Garrone is also keen to show a contemporary view of Italian society in the wake of rising immigration. These new communities have also turned to crime as a means of establishing and sustaining themselves, and they represent serious rivals to the activities of the Camorra. The North African community deal in hard drugs, whilst the Chinese community run clothing sweatshops and seek to undercut the Camorra-controlled fashion house for whom Pasquale in the tailor. These new communities are just one of the emerging threats to the power and position of the Camorra. Rival criminal organisations are another, and the growing civil war between these warring elements results in the amount of bloodshed that has some of the peripheral, non-violent participants in this power struggle wanting to escape, although escape is impossible.

Perhaps the most disturbing impact of ‘Gomorrah’ is not the violence and illegal activities of the Camorra, but the legal enterprises they engage in, which have an impact on the lives of all Italian citizens, and even across the world. As an epilogue, Garrone provides statistics about the work of the Camorra. Not only are they the most vicious organisation in Europe, responsible for the most murders (40,000 in the last thirty years), but they are also involved in the reconstruction of the Twin Towers. It should be of great concern that projects such as these are funded by illegal activities, but perhaps these potential ethical minefields are overlooked, even though they afford a level of respectability to the criminal organisations that fund them.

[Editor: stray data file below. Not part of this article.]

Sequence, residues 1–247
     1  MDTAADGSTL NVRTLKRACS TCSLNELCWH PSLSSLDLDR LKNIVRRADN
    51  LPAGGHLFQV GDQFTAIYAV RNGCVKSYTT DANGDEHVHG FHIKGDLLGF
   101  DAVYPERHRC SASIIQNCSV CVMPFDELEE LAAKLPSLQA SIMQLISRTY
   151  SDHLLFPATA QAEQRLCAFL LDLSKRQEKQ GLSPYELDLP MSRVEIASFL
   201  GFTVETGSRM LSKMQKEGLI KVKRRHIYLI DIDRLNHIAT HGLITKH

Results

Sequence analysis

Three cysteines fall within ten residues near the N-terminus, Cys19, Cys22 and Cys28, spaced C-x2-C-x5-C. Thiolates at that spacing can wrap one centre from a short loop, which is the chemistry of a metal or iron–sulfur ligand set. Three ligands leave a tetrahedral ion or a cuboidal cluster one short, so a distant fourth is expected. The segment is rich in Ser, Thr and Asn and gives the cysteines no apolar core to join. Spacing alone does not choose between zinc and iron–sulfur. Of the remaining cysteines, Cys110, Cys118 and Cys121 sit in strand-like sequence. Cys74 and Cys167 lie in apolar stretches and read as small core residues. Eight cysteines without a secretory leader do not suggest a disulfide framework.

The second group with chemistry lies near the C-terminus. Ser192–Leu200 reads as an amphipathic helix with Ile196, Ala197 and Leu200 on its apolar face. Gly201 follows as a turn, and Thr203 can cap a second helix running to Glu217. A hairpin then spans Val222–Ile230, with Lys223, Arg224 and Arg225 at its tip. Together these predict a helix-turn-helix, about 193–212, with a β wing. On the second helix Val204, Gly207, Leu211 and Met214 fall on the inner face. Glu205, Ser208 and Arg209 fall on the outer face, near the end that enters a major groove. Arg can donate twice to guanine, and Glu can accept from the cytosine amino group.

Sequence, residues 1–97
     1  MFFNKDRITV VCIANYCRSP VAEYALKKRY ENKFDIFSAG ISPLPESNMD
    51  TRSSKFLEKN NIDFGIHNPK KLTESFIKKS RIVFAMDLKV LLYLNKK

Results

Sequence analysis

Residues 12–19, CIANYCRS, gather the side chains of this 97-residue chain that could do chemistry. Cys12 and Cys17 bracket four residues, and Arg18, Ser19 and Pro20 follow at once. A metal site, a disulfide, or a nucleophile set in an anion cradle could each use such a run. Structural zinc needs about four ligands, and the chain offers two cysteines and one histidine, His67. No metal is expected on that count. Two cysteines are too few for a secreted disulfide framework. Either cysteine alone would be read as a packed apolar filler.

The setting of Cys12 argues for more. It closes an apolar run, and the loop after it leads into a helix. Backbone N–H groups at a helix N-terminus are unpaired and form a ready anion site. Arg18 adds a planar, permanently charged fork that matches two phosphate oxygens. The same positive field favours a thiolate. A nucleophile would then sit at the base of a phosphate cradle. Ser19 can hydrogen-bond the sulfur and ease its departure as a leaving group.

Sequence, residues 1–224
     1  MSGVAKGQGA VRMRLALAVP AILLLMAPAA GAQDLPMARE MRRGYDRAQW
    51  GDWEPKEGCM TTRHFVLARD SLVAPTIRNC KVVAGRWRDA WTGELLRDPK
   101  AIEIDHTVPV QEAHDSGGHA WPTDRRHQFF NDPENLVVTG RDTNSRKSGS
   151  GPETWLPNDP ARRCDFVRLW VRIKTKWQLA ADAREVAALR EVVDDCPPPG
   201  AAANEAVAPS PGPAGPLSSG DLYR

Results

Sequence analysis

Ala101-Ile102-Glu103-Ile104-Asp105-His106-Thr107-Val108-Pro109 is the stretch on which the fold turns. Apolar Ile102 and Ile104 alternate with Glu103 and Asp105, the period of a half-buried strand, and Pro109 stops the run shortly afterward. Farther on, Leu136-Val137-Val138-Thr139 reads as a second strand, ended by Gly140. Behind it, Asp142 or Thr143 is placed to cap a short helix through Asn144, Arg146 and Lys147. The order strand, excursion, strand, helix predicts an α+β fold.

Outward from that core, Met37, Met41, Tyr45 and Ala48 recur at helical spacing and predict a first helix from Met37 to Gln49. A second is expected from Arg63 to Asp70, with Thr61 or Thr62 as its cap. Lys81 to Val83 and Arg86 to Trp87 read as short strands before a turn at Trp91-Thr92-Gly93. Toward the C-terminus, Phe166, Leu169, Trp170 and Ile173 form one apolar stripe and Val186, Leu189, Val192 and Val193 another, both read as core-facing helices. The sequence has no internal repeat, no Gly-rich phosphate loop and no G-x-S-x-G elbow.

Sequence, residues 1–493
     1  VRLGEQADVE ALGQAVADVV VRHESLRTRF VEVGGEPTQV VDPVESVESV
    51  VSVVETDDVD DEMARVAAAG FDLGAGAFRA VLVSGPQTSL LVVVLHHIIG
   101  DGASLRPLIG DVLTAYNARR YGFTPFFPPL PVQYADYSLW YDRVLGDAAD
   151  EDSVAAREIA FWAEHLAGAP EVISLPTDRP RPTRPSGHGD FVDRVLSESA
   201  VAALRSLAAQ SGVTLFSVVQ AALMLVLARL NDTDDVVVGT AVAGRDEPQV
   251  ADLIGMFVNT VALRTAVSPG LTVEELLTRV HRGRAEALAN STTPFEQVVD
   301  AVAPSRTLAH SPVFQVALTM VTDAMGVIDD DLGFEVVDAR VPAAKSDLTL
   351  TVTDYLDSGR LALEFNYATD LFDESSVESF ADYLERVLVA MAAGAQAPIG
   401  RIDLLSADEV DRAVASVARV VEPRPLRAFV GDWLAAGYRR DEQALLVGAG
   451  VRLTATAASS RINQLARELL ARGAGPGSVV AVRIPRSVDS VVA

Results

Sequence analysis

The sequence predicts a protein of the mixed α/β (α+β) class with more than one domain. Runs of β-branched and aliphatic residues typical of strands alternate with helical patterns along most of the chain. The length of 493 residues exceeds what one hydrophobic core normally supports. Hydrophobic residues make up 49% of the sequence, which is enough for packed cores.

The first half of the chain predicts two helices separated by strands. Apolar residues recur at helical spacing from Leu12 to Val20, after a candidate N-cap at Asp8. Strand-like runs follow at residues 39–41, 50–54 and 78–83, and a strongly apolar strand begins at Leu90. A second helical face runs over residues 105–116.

Inevitably, ‘Gomorrah’ will be compared with Hollywood gangster films, and the closest comparison is probably ‘Goodfellas’. Both are based on in-depth and investigative accounts on the activities of criminal organisations. Although Garrone does not employ the stylistic touches that Scorsese did, preferring to present the Camorra simply as it is; a violent and brutal community without sympathy and compassion. However, Garrone uses a number of technical flourishes to emphasis his attitude towards the Camorra. One superbly directed scene implicates Don Ciro, the accountant, from the violence he sought to distance himself from. As he leaves a bloodbath, the camera begins directly above him, and then turns 360 degrees, as if to witness the violence around Don Ciro, that he is partly responsible for, which precipitates a complete crisis of conscience. Garrone also presents this community in a nutshell in an early long shot of the entire housing estate, which focuses on its brutal architectural design, but shot from a distance allows the audience to absorb its insularity and ability to entrap its inhabitants. Avoiding the pitfalls of many films of the genre, of mythologising its protagonists and affording them a tragic dimension, ‘Gomorrah’ is an intense adaptation of the Robert Saviano novel, which reveals the violence and brutality that characterises this organisation, but also hints at the social issues that allows such organisations to flourish.